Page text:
The deep divisions present in our country at this time seem to constitute a leadership crisis, and those of us in the executive development business need to engage in self-examination.  Some Americans are beginning to question the viability of democracy itself.

I share the view expressed in the famous quotation attributed to Churchill that “democracy is the worst form of government, except for all the others.”  Lincoln’s view that American democracy is an “experiment” is also a view I share—there is no guarantee that it will work out in the long run.  Without good leadership it will surely not.

Most of us in executive coaching and development are not involved in preparing government leaders.  So how is the current crisis relevant to what we do?  The forms of leadership that prevail in all other institutions, and which inevitably provide candidates for public office, will eventually be reflected in the chambers and offices of government.

The irony of the situation is that while we hear constant claims of a need for better leadership in our country there is an avalanche of leadership advice.  You could easily spend a couple of hours every day just reading new postings on LinkedIn about how to be a better leader.  Seminars and webinars abound on the subject to the point of becoming a commodity. Business books, recommended no doubt with the best of intentions by consultants and former executives, proliferate like uncontrolled weeds.  (One of the worst of the recent lot is Trillion Dollar Coach, on which I wasted time and money last year.)

Remember the famous line from The Rime of the Ancient Mariner?  “Water, water everywhere, but not a drop to drink.”  Has our national obsession with leadership development turned this resource into virtual salt water for the mind and spirit?  It fails to solve the problem, and when consumed in quantity, things become worse.

Most leadership development focuses on pleasing your boss, pleasing your peers, pleasing your employees, and pleasing your customers.  Future—and current leaders—are thus encouraged above all to defer to and accommodate the opinions and preferences of others to advance their own careers.  Such people used to be referred to as toadies, opportunists, sycophants, flatterers, or creeps, but certainly not leaders.  Since Congress currently has about an 15% public approval rating, https://www.statista.com/statistics/207579/public-approval-rating-of-the-us-congress/ ,would it be fair to say that these words sum up how most Americans see most of their elected officials, on both sides of the aisle?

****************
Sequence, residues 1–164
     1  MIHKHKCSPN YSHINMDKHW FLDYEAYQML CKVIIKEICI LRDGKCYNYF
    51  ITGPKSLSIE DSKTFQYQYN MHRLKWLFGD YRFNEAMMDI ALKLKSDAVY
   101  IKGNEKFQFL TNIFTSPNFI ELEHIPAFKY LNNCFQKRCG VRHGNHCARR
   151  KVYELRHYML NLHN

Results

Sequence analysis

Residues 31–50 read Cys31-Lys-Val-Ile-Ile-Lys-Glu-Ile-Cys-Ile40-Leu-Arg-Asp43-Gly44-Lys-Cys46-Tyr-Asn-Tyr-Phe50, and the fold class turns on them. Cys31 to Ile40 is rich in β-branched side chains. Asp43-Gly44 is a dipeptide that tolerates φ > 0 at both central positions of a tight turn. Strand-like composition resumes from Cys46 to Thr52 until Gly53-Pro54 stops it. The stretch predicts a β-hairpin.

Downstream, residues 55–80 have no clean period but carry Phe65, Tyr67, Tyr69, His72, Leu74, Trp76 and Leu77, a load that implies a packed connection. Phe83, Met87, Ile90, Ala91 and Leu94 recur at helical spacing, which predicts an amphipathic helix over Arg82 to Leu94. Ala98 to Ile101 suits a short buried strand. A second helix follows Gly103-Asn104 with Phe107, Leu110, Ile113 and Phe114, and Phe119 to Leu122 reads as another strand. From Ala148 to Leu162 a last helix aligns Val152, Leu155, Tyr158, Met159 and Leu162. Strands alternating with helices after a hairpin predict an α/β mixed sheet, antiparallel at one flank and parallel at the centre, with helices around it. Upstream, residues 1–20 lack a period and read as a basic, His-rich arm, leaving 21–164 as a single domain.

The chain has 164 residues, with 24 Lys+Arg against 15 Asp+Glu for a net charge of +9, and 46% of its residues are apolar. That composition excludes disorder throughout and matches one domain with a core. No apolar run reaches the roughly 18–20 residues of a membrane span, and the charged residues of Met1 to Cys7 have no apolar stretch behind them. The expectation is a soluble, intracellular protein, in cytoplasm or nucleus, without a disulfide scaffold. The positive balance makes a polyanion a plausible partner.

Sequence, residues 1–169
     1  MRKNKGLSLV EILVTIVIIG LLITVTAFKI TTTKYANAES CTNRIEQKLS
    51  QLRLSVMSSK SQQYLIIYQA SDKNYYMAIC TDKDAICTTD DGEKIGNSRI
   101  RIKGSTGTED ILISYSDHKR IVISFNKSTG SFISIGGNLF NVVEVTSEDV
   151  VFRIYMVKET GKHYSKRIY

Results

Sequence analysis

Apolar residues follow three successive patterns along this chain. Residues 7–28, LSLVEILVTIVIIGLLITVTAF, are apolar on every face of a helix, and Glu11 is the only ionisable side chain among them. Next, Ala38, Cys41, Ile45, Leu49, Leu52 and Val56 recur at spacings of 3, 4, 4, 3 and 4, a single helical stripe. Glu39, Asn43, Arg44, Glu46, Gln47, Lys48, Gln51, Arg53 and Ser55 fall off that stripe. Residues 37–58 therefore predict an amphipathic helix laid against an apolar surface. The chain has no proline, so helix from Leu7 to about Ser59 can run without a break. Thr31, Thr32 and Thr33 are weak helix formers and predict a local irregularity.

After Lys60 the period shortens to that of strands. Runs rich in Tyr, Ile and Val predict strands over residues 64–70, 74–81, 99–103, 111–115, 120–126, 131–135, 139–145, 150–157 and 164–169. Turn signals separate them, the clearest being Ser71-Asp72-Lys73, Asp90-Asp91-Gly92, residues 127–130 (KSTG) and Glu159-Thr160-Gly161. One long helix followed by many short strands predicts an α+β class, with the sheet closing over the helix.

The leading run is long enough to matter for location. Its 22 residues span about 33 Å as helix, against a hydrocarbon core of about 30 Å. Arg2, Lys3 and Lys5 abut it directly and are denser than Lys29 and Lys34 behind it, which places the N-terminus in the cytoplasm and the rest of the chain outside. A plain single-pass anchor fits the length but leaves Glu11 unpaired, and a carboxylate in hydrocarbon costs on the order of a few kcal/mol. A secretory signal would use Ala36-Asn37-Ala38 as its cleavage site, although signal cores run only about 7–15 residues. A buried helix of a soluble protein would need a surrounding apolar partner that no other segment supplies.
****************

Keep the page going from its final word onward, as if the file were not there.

Five things are needed for great leadership, which I will cover here only briefly:

  1. A foundation in principles, political, economic, and/or religious, that transcend self-interest, which, I believe, can be compatible with free market capitalism. In fact, a commitment to the latter system is an example of a foundation in principles which carries with it the responsibility at least not to undermine that system.
  2. Moral standards for advancing those principles. Some things are obligatory, such as treating all people with respect and fairness, and others are forbidden, including slander, theft, fraud, intentional harm, etc.  These may seem obvious, but then why are they so often violated?  Education in moral reasoning is also essential for when values come into conflict and difficult choices must be made.
  3. Courage, which is necessary to resist the inevitable pressure to sacrifice principles and standards, and the ridicule and contempt that will be aimed at those who do not give in. Military leadership education and training nurtures the growth of one kind of courage.  Where is parallel training present in executive development?
  4. Willingness to sacrifice self and career for your principles. If you are not willing to make costly sacrifices for your principles, they are not really your principles at all, but merely expedient tools to be discarded when they no longer serve your ultimate principle, which is typically self-interest.  George Washington declined the offer to be made king of the US after defeating the English king, due to his commitment to the principles of democratic government.  Napoleon did the opposite following the execution of King Louis and the reign of terror by crowning himself emperor, thereby showing the shallowness of his commitment to the principles of the French revolution.
  5. Skill in advancing one’s principles. This is where training in emotional intelligence, skillful communication, and negotiation comes in, areas in which executive developments spends so much of its time.  Financial and technical skills are included here too.

If we as developers of executives focus only on #5, then we need to ask what our own fundamental principles are and whether we are promoting the leadership needed for an advanced capitalist democracy to survive and thrive or whether we are merely promoting sophisticated opportunism.  The neglect of the other four is not a neutral position but rather communicates tacitly that they are not worthy of serious attention.